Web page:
REVIEWED BY DAN STUMPF:


HORROR HOTEL. Trans-Lux, US, 1962. First released by Vulcan Films, UK, 1960, as The City of the Dead. Christopher Lee, Patricia Jessel, Betta St. John, Venetia Stevenson, Dennis Lotis, Valentine Dyall. Written by George Baxt and Milton Subotsky. Directed by John Moxey.

   You really need to see this.

   Expertly done on a small budget, Horror Hotel opens in the 1600s colonial village of Whitewood, Massachusetts, with a witch (Patricia Jessel) being burned at the stake, calling down a curse on the place as her lover (Valentine Dyall) looks on. Jump cut about 300 years and we’re in a college classroom where Professor Driscoll (Christopher Lee) passionately relates the episode to a room of rather superannuated students. Some scoff, but pretty coed Nan Barlow (Venetia Stevenson) asks to do further research, and the eager-to-help pedagogue suggests with a sly look in his eye that she try poking around in an out-of-the way village… called Whitewood.

   Nan’s boyfriend (Tom Naylor) and brother (Dennis Lotis) pooh-pooh the idea, but in no time she’s driving through dense, forbidding fog to the remote hamlet, pausing only to pick up a mysterious hitchhiker (Valentine Dyall again) before she arrives at the blighted hamlet, finds a rather dank and forbidding Inn, meets the landlady (Patricia Jessel again!) and sinister things start happening, slowly at first, but quickly building up to a grand and nasty finale.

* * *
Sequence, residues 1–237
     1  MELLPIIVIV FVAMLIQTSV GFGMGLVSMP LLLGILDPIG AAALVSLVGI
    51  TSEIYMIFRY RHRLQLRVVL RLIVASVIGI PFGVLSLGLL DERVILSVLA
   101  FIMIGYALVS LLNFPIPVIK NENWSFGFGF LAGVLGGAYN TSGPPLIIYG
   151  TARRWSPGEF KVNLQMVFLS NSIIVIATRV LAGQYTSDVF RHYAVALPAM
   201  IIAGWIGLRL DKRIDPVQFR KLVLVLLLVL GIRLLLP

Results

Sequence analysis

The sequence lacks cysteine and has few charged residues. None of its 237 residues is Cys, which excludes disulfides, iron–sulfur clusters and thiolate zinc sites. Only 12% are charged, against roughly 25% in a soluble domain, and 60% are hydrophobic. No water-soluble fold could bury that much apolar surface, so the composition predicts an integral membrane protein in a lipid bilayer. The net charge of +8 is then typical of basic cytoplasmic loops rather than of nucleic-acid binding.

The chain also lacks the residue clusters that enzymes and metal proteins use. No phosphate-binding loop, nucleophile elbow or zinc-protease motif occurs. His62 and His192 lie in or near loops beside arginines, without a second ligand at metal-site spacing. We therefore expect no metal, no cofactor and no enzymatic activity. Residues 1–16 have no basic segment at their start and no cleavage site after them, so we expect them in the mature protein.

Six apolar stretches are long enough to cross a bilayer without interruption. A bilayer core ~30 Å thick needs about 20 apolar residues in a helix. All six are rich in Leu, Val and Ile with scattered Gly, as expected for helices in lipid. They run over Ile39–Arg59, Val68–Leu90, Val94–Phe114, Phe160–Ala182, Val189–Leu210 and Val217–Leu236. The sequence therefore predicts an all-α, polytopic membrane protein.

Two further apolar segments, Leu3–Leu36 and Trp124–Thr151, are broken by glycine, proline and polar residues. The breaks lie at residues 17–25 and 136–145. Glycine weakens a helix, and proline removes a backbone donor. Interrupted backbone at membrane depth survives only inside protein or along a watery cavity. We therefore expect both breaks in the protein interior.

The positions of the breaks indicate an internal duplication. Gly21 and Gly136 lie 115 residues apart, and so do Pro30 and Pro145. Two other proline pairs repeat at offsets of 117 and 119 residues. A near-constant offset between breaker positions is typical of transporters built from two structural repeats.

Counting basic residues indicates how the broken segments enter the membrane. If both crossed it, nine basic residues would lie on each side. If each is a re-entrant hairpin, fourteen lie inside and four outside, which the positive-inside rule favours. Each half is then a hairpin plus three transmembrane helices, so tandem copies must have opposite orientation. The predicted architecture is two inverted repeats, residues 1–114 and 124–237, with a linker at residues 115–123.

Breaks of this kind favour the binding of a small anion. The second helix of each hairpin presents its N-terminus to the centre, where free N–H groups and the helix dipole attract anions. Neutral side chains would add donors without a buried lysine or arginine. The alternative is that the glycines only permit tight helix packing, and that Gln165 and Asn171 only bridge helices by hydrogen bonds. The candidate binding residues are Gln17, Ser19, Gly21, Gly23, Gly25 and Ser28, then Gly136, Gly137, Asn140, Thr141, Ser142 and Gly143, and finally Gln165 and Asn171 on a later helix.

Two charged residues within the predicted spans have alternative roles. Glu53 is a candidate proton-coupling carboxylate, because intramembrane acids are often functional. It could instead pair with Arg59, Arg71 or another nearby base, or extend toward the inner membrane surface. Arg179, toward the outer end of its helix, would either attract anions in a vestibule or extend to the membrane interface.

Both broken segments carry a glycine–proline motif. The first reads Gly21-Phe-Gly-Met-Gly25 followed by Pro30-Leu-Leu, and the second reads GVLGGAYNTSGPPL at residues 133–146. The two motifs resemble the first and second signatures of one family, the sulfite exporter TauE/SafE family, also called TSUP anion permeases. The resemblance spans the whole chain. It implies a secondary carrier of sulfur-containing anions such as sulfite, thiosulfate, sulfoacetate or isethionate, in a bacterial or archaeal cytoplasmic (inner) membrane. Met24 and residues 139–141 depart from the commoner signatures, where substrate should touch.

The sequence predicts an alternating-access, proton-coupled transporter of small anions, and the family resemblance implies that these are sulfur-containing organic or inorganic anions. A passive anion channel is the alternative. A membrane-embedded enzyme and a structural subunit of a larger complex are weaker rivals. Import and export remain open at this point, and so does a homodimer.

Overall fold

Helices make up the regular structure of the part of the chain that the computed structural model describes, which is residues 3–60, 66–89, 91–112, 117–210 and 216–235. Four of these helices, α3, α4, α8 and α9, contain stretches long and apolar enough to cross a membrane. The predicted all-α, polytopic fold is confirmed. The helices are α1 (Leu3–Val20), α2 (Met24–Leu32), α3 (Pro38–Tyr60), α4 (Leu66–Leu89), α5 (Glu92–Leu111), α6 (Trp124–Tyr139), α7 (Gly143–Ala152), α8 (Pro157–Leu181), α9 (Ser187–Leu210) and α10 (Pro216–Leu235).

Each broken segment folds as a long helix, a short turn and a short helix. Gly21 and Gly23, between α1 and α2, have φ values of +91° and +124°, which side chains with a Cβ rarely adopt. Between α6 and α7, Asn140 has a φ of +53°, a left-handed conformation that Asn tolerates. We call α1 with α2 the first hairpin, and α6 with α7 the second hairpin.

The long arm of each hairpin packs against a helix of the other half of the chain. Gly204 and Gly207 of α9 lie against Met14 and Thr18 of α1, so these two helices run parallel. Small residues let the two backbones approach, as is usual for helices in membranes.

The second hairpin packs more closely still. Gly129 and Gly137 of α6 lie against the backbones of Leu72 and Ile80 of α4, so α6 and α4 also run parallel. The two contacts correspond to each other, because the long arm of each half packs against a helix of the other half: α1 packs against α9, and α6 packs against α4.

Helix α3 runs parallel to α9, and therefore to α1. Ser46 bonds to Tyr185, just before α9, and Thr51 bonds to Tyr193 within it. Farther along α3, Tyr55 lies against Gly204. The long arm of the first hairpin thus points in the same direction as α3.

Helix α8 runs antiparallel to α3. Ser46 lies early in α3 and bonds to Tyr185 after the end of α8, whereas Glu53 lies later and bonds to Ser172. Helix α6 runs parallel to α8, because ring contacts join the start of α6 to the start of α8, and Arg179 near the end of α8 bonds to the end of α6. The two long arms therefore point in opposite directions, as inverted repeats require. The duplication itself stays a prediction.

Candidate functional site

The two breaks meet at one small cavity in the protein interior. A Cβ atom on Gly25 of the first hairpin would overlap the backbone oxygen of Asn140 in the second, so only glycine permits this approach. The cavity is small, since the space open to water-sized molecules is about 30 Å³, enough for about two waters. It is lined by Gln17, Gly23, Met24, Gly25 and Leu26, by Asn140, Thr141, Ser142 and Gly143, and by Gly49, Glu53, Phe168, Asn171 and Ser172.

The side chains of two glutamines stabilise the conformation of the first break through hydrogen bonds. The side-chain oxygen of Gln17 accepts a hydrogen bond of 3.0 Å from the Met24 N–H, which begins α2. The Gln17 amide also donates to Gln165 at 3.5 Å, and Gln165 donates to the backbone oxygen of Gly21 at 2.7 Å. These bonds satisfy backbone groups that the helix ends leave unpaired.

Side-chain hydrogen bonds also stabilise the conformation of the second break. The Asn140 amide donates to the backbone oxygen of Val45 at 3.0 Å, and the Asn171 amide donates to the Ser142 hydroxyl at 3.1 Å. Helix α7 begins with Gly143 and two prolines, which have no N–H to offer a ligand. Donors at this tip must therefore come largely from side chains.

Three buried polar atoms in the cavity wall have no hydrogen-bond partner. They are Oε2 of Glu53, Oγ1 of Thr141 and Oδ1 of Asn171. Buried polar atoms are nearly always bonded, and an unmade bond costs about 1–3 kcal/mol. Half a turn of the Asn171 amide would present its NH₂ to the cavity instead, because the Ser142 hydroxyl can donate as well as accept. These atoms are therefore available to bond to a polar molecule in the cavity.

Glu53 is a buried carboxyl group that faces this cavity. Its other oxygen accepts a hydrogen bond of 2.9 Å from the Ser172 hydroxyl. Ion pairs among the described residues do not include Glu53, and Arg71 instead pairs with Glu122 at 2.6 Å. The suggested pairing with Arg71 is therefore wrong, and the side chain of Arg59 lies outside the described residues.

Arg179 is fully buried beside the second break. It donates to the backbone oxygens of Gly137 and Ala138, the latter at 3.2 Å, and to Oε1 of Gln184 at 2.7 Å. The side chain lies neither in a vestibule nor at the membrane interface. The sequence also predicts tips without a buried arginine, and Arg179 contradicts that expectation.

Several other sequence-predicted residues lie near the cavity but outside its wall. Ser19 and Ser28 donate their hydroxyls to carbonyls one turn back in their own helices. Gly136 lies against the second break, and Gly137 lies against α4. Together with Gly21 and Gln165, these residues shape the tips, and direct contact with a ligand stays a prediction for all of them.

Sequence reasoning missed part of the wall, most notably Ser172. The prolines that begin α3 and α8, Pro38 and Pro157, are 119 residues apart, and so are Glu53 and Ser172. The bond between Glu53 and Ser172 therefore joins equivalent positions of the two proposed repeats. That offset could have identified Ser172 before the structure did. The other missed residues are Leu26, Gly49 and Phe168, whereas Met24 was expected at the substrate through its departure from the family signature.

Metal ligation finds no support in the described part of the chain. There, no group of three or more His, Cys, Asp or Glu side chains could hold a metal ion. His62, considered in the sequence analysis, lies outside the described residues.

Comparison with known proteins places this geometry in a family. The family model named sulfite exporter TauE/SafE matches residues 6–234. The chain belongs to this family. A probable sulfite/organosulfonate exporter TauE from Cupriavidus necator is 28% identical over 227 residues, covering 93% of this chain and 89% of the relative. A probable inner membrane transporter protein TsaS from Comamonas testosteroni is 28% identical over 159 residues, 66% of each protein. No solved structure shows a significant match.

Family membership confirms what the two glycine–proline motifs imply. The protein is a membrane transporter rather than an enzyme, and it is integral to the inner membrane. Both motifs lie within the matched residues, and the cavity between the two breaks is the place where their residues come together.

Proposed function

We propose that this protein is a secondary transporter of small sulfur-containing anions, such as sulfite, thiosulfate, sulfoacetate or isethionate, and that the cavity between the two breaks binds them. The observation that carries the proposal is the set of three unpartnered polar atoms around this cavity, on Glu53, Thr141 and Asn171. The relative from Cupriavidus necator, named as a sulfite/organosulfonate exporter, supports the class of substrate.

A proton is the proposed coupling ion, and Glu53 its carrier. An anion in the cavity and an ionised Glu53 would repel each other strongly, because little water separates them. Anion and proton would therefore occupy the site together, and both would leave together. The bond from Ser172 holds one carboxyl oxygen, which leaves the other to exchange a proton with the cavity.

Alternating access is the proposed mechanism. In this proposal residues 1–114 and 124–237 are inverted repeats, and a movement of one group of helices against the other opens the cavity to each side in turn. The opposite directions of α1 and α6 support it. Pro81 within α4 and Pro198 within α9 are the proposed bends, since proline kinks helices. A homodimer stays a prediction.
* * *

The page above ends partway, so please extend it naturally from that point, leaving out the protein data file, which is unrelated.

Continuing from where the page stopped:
Cinematographer Desmond Dickenson, whose credits include Laurence Olivier’s Hamlet and Michael Gough’s Konga, fills the screen with memorable creepiness; low-lying mist covers the ground and obscures the buildings, hiding the cheap sets wonderfully, and the camera shifts to odd angles at times, never arty but constantly surprising.

   The players put earnest effort into their parts, even the stock types. Ms. Jessel evokes the spirit of Judith Anderson effectively, with maybe a touch of Barbara Stanwyck. Christopher Lee is a shade too patently fanatic as the sinister professor, but I saw a lot worse back in my college days. And Betta St. John does a wonderful horror-movie heroine, perky and terrified in equal measure.

   The plot unspools quickly, with a few clever twists, and if Horror Hotel never hits the Classic mark, it doesn’t miss it by much. In all, a pleasantly terrifying way to spend an October evening.